Private Desert Bungalow for Two
Photo credit: Private Desert Bungalow for Two via VRBO.com

BUDGET – Private Desert Bungalow for Two

This private desert bungalow is the perfect romantic getaway for couples who want to enjoy some peace and quiet in the California desert. The studio-style bungalow has one bathroom, a full kitchen, and an open living space with one queen-sized bed and one sofa bed.

Tips for visiting Joshua Tree in a day

These are some handy tips that will make sure your day trip to Joshua Tree runs as smoothly as possible.

  • Parking spots get snapped up early in the national park. Plan to arrive as early as possible so that you can visit the more popular landmarks.
  • In the same vein, you will need to arrive especially early during the summer months. It is essential to start walking trails no later than 9 am while the weather peaks. Ensure that you are clear of the hiking trails before it gets dark. 
  • Wear proper footwear such as hiking boots or regular sneakers. It’s very dusty and there are sharp stones that aren’t compatible with sandals or flip-flops!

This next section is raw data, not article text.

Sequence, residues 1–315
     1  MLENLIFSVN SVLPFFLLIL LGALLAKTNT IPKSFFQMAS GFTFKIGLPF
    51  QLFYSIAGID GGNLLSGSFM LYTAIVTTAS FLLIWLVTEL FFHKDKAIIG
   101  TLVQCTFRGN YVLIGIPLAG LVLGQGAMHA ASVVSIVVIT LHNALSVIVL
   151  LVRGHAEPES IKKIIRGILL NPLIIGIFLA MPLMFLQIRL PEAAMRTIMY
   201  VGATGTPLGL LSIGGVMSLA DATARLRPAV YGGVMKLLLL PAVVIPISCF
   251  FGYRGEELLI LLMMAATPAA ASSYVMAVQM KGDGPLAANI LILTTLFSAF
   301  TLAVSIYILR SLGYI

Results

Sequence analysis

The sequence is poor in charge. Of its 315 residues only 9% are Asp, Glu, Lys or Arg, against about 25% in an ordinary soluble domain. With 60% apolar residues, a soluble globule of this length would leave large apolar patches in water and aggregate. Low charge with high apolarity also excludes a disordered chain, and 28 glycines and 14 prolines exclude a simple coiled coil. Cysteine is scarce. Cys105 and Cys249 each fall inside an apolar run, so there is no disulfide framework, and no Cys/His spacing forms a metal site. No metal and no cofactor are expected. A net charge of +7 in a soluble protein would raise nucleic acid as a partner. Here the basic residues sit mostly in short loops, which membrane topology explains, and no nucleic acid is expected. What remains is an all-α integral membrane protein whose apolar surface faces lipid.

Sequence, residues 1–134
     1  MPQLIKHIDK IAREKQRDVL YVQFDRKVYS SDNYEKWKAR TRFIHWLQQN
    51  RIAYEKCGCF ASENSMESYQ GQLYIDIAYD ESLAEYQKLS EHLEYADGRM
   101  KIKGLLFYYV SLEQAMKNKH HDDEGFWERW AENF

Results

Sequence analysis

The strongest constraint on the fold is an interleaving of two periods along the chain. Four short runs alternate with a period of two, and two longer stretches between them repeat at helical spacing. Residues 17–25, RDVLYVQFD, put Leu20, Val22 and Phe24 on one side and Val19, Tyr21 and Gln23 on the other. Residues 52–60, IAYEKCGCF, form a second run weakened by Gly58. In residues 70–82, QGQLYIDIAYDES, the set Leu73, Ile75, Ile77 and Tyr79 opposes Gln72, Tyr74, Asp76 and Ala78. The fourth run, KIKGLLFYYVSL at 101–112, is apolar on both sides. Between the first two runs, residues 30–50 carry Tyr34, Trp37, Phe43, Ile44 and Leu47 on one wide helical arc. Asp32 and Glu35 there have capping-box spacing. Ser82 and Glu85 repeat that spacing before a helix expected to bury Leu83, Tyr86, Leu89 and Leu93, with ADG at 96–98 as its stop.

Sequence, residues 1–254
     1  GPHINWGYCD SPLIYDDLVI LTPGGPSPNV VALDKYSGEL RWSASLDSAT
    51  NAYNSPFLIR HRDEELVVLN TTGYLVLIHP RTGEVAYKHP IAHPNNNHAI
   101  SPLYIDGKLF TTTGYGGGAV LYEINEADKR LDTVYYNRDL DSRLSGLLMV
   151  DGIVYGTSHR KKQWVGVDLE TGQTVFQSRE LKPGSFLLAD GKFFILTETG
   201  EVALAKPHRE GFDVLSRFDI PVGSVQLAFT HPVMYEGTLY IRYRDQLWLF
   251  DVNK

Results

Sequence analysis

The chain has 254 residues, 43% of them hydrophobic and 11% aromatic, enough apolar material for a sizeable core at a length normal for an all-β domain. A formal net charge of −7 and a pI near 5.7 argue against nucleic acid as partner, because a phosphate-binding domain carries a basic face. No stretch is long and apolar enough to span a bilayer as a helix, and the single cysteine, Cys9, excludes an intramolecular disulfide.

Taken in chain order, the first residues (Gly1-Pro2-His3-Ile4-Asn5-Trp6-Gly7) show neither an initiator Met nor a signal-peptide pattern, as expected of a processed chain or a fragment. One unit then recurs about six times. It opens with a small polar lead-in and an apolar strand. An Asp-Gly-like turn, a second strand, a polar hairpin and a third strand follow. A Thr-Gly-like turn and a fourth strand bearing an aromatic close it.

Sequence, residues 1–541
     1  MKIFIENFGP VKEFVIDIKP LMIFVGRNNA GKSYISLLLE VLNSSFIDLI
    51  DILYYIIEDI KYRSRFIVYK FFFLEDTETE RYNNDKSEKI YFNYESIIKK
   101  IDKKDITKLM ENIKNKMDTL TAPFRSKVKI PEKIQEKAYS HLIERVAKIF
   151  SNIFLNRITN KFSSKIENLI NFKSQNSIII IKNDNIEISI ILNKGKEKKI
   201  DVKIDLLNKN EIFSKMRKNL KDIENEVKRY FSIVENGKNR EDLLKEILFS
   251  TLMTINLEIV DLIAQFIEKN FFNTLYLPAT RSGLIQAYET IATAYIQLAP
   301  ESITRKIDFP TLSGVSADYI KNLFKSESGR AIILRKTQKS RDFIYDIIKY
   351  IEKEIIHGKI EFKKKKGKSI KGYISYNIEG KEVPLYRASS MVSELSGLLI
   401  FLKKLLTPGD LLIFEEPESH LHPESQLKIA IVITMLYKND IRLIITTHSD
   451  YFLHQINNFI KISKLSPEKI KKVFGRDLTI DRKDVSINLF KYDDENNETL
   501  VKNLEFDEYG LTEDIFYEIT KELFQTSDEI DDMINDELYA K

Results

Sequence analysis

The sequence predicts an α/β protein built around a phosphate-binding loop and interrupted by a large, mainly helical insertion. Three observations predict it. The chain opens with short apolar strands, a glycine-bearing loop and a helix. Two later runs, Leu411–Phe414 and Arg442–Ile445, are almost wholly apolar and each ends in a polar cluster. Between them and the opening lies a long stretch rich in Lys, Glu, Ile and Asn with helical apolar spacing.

• Potable water is rare in the national park and you’re going to need to drink a lot of it! Take double the amount that you think you will need as well as some electrolytes to avoid dehydration. 
  • Pack a nutritious lunch and lots of snacks to keep your energy levels buoyant during the day. You’ll sweat a lot so salty snacks and protein-rich nuts and cereal bars are recommended as well as fruit.
  • Due to the desert climate, conditions in the national park are fickle. Prepare that you might encounter scorching heat and downpours over the course of your Joshua Tree day trip. Take precaution against the sun with high-factor sunscreen, a sun hat, and polarized sunglasses but pack a waterproof jacket and layers for the evening. 
  • Joshua Tree is particularly prone to strong winds. Ensure that your possessions and clothing are secure and that you hang onto any trash to avoid it blowing into the wilderness. 
  • Carry a First Aid Kit, flashlight, and whistle in case of emergency.
  • Download the National Parks Service app prior to your visit. It’s free and packed with essential details such as maps, tours, and information about the scenery that will enhance your exploration. Armed with the app and this one day Joshua Tree itinerary, you will be able to ensure your trip goes without a hitch!